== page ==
Fascinating History Of Reality TV Deserves Better Than This

Various limitations and obstacles seem to have bedeviled the production of an eight-episode docuseries whose ambitious aim is to tell the story of reality television.

This goal is laid bare in the show’s title -- “For Real: The Story of Reality TV.” The first hour premieres this coming Thursday on E! The series is hosted by Andy Cohen, who is also credited as executive producer.

Cohen and his team wrangled a number of interviews with former participants from a number of reality-TV shows -- some of which can rightly be considered landmarks in the history of this form of television show, and some not, although this is a matter of opinion.

Aficionados of reality TV or long-time journalists such as yours truly who have chronicled the evolution of this peculiar form of TV content since it first appeared may tend to focus on what’s missing from this “Story of Reality TV” more than what it contains.



For example, in this week’s premiere episode, the reality shows that get covered include “The Osbournes,” “The Simple Life,” “The Girls Next Door” (and its spinoff “Kendra On Top”), “Breaking Bonaduce,” “The Anna Nicole Smith Show” and “Keeping Up With the Kardashians.”

Of these, only “The Osbournes” can be considered ground-breaking. “The Simple Life,” starring Paris Hilton and Nicole Richie, was not exactly a landmark in reality television, but it was oddly memorable.

As for the rest, the Playboy bunny shows (“Girls Next Door” and “Kendra On Top”) are rarely talked about today -- except in this docuseries. The same can be said for “Breaking Bonaduce” and “The Anna Nicole Smith Show,” both of which are treated like landmarks here.

The Anna Nicole show in particular was no landmark. On the contrary, it was one of the most odious TV shows ever produced, mainly because of the way it exploited its titular star. Nevertheless, in “For Real,” the show is celebrated.

The premiere episode of “For Real” concludes with Cohen “interviewing” the Kardashian women at one of their houses, but Cohen gushes over them more than interviewing them.

The whole segment plays like a long promotion spot for the final season of “Keeping Up With the Kardashians” that just started on E!, which is the very channel on which Cohen’s reality docuseries is airing. Go figure.

A list of interviews in upcoming episodes of “For Real,” according to a press release, does read like a Who’s Who of reality TV stars.

Among the most tantalizing are Richard Hatch, winner of the first “Survivor,” and Ruben Studdard and Clay Aiken, winner and runner-up (respectively) of the second season of “American Idol.” “Survivor” and “American Idol” were also reality-TV landmarks in every sense of the word.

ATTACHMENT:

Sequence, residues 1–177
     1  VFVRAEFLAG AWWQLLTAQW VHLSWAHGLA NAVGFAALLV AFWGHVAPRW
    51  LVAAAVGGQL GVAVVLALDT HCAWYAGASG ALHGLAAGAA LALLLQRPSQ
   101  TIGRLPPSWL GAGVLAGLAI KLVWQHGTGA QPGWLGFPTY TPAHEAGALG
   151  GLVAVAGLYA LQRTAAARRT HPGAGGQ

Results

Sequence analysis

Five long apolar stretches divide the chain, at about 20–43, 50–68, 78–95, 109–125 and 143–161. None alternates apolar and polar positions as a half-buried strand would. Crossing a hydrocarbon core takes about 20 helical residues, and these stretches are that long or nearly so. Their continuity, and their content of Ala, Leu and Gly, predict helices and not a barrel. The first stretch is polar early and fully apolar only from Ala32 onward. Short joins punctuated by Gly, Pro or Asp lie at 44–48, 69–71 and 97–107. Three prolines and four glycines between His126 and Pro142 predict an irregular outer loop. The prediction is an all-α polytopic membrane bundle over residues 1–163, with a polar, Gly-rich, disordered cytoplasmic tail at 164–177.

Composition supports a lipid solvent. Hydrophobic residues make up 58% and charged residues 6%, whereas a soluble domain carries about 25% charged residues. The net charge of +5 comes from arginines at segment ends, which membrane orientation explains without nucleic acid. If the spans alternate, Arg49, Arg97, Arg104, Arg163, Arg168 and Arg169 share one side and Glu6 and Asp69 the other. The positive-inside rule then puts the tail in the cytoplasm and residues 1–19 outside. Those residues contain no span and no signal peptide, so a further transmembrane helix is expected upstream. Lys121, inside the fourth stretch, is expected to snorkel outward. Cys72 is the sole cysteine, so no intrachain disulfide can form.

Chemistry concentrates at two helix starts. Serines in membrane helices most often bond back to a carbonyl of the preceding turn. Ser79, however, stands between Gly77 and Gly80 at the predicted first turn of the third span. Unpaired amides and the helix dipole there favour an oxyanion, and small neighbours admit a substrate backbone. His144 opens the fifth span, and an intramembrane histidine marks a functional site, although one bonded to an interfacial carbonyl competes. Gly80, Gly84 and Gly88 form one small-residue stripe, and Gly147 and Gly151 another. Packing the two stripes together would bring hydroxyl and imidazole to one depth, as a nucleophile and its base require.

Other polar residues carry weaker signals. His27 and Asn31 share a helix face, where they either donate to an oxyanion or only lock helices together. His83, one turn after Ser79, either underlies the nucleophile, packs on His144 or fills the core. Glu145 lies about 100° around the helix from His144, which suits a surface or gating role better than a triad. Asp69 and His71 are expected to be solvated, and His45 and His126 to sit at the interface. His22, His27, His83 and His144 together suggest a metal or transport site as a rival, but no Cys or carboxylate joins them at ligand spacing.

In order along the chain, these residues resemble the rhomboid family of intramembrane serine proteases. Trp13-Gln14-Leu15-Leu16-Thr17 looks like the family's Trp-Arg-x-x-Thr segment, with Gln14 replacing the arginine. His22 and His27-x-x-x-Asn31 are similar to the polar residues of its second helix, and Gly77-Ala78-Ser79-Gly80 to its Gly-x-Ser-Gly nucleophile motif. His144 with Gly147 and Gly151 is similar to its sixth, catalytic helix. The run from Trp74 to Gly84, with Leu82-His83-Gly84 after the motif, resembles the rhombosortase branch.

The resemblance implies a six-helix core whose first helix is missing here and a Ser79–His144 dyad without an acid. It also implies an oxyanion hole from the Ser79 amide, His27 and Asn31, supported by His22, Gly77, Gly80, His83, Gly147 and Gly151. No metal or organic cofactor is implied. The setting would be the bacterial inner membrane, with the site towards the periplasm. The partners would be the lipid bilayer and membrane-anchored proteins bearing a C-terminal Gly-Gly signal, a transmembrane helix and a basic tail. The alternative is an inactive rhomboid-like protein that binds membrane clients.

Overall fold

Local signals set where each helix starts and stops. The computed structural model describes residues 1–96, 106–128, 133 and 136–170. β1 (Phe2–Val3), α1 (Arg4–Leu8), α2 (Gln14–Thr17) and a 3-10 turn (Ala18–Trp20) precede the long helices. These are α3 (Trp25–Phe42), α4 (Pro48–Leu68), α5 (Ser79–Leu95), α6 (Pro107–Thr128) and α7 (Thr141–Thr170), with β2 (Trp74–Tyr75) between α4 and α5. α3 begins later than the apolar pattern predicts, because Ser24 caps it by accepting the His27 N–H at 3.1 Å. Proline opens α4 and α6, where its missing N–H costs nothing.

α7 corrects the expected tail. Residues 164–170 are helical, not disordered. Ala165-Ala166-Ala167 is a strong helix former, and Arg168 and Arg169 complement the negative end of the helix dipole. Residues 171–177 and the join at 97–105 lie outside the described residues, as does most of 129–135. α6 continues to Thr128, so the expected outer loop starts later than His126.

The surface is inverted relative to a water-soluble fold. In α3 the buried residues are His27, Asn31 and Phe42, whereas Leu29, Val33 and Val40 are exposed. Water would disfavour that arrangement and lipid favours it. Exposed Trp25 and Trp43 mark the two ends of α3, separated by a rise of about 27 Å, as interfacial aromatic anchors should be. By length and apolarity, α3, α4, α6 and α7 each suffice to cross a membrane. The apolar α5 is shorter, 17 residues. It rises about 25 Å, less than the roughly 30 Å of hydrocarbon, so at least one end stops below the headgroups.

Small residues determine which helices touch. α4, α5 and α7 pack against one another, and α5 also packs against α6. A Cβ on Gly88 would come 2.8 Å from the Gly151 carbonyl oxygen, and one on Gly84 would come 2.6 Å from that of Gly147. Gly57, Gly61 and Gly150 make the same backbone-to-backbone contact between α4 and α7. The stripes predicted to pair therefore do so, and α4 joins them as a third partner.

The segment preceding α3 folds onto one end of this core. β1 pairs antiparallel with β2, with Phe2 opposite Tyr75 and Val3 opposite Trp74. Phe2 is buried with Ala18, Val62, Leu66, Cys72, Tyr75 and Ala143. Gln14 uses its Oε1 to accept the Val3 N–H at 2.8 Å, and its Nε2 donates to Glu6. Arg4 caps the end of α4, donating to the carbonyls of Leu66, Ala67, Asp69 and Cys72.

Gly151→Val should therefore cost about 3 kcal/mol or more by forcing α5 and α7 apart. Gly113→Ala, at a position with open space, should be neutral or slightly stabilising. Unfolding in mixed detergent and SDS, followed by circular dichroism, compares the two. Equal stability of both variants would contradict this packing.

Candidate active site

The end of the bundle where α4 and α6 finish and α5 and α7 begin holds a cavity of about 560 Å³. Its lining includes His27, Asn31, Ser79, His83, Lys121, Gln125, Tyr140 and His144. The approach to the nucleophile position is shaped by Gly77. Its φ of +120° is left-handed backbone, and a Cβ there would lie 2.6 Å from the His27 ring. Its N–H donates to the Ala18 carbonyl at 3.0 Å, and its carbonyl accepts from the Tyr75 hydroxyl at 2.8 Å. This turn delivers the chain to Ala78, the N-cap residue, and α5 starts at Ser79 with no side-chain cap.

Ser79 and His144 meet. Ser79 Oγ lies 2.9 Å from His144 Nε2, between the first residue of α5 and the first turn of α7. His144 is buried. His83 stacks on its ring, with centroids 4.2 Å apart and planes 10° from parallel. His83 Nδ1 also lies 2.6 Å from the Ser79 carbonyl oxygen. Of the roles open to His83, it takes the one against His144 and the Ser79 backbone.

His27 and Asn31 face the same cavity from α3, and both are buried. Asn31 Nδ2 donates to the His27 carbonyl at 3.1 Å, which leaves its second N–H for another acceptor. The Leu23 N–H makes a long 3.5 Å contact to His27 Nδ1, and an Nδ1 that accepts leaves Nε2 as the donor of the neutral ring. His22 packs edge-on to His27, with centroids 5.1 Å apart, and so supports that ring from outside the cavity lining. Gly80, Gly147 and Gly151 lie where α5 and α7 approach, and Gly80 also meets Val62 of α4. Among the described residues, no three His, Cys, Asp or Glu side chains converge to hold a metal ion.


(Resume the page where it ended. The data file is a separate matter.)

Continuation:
Other interview subjects include Bret Michaels, Janice Dickinson, Dr. Drew Pinsky, Mama June (mother of Honey Boo Boo), Thom Filicia (from the original “Queer Eye for the Straight Guy”), Omarosa and a gaggle of “Real Housewives.” (Cohen interviews one of the “Real Housewives of New Jersey,” Caroline Manzo, in the photo above.) 

As interesting as at least some of these interviews may turn out to be, this series seems like an abridged, subjective history on a topic that deserves comprehensive, objective treatment.

It is possible that the series was constrained by, and limited to, the interviews it could get (vs. the ones it could not) and, possibly, the footage it could get permission to use.

For example, a number of landmarks in the evolution of reality TV seem as if they are to be passed over here, including at least three titles that caused a sensation when they originally aired (all on Fox) -- the one-off special “Who Wants to Marry a Multimillionaire”? and the subsequent “relationship” series “Joe Millionaire” and the original “Temptation Island.”

And those three shows are only the tip of the iceberg. The truth is, it would take someone on par with Ken Burns to do justice to the topic of reality TV in a documentary series. But Andy Cohen is no Ken Burns and NBCU is not PBS.

Moreover, it is doubtful that Ken Burns will turn his attention to “The Real World,” “Survivor,” “The Osbournes” or any of their progeny any time soon.

“For Real: The Story of Reality TV” premieres Thursday (March 25) at 9 p.m. Eastern on E!

3 comments about "Fascinating History Of Reality TV Deserves Better Than This".
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  1. Andrea Schnarr from The New School, March 23, 2021 at 9:43 a.m.

    Adam, this is great. I thoroughly agree with you on how this series just skims the surface of the history of reality TV. I’m currently completing my thesis on debunking reality entertainments perception of being trash. I would love to speak to you further about this!

  2. Ed Papazian from Media Dynamics Inc, March 23, 2021 at 10:05 a.m.

    Adam, I agree with you---if that's the direction they are taking. The real history of "reality TV" should start with "Candid Camera" in the early 1950s and Dave Garroway who, in an early primetime TV series would walk behind the cameras and show viewers how a live TV variety show was actually brought to life on their screens. Next up might be Ralph Edward's  "This Is Your Life"---another unusual twist for the genre. Then it might cover 1980s entries such as "Real People" or "That's Incredible" and  Fox's "Cops" about ten years later as exampes of the wide scope that "unscripted" fare has taken over the years. Finally we would get to the past twenty years--- but with a little perspective.

  3. Will Stewart from SportsWar LLC, March 23, 2021 at 1:34 p.m.

    Adam: agreed that it sounds disappointing. To me, a proper history of reality television should begin with the PBS series "An American Family" from 1973, then discuss "The Real World," which debuted in 1992, and proceed from there.

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